HR Limits

My ICD upper limit is set at 190 bpm. If I accidentally go over by 20 or 30, will it automatically pace or fire? Or does it intervene only if it senses an abnormal rhythm, (i.e RV tach)?


5 Comments

limits

by thomast - 2008-03-29 05:03:36

Mine is set a lot different, if it exceeds 130 it looks for abnormal rhythm, if it detects it it trys to step it down, will try 6 times, if it does not succeed it does nothing just waits, if it goes back to normal OK, if it exceeds 150 then I get zapped. Had an episode in Feb. where it suceeded in 3 trys, had an episode in Nov. where it tried 6 times and failed, but returned to normal after 2 minutes. So everybodys settings are different.

limit

by WDC6736 - 2008-03-30 09:03:39

Thanks, I'm going to see if the doc can up my limits just in case.

recent advice

by mo-dixie - 2008-03-30 12:03:53

Mine is set for 136 to detect and 188 to shock. I have 5 series of pacing bursts before I get the 35 j therapy.
On a visit in Feb. to Mayo clinic, when advised I needed to begin exercising to help my HF, I asked about the possibility of raising my heart rate and getting smacked. I asked the very question you are, does the ICD detect only VT or VF high PPM or just start therapy if heart rate enters above the threshold. He said that the device only recognizes when the heart rate has reached the threshold area, not if it is abnormal rhythm. That did it for me---I didn't want to start trotting on a treadmill anyway. He said I needed to get a personal moniter to detect heart rate, start slowly and watch to me sure I did not go above threshold area. I am still thinking about it. I know in the past, I had used a treadmill that detected heartbeat and would back off when it reached 120. When it gets warmer I may get a moniter and begin some slow strolling and try to build up endurance. Hope this answers your question.
Love and light,
Mo-Dixie

limit

by Pacedsince1983 - 2008-04-03 09:04:36

I had an exercise test yesterday which showed that as soon as i hit my upper limit (165) i was automatically knocked down to 145. At this point A/V synchronization also stopped. So this shows that with my programming (Guidant Vitality) i can push to the limit, but that i cannot keep up the exercise level as (a) the device does not let me stay at the required rate level and (b) there is no synchronization between the chambers.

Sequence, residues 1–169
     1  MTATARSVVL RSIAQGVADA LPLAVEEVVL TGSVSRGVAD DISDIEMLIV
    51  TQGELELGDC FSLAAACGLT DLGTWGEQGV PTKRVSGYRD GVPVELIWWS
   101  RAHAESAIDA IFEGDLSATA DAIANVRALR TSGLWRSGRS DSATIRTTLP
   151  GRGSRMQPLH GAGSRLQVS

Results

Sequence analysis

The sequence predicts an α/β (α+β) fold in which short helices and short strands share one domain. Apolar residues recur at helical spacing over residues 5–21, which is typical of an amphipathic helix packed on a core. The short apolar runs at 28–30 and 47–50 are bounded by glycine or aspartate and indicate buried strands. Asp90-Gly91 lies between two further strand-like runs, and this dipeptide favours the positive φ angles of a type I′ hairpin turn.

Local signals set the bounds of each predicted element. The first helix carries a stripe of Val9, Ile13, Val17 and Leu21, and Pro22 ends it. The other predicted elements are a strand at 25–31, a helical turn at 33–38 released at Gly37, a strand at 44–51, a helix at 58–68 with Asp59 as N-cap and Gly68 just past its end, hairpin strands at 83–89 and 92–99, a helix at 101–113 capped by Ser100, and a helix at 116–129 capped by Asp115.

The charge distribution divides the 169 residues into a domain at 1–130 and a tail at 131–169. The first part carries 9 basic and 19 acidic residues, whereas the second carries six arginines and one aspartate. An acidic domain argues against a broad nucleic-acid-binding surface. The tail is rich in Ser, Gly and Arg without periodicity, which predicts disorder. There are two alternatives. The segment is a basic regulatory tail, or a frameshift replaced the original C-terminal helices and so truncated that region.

rates

by WDC6736 - 2008-04-05 01:04:20

My EP actually has it set at 222. I suppose that's good but I know I'm capable of 230 safely in a stress test. All athletes are different, especially elite athletes. I lasted around 23 min. and quit because I thought I'd gone far enough. I don't know too much about what triggers a RV tach during exercise, but I'd like the doctor to give me an extra 8 bpm for peace of mind. However, an EP Study induced VT at 262 , so I'm not sure if he will cooperate. Otherwise I'm still afraid to try anything, even with a HR monitor. Before the ICD, I could be cruising at 150 or 160 and then it could rise for a brief second over 200 before settling back down to "the right zone." Once I even saw something as insane as 243. And this is just a 1-2 second spike that would quickly drop usually after slowing the pacea bit. I read some elite athltes can train around 200, but they probably don't have an abnormal ECG or an ICD to worry about. Most of the time, my HR would only shoot up only at the start of a race or 10k tempo run @ 5:00-6:00/mile, and as I warmed up, it would actually decrease to about 170- 190 as I ran faster. As expected it wouldn't begin to increase again until the very end. Very often, running slower raised my HR more so than running faster.

Still paranoid that I could easily reach my upper limit and subsequently be paced, reducing my performance, or shocked unnecessarily. But who knows? Maybe this brief spike I occasionally see on my Garmin IS from the RV tach, but if that's the case, I ran competitively almost 8 years without a problem...until one day a couple months ago. Doc doesn't want me on the road again, but I plan to negotiate my extra 8 bpm to match my tested MHR. Not saying I want to gamble with my life, but it would be nice if I didn't have to worry about zapped if I ever do return to sport.

You know you're wired when...

You have rhythm.

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I have an ICD which is both a pacer/defib. I have no problems with mine and it has saved my life.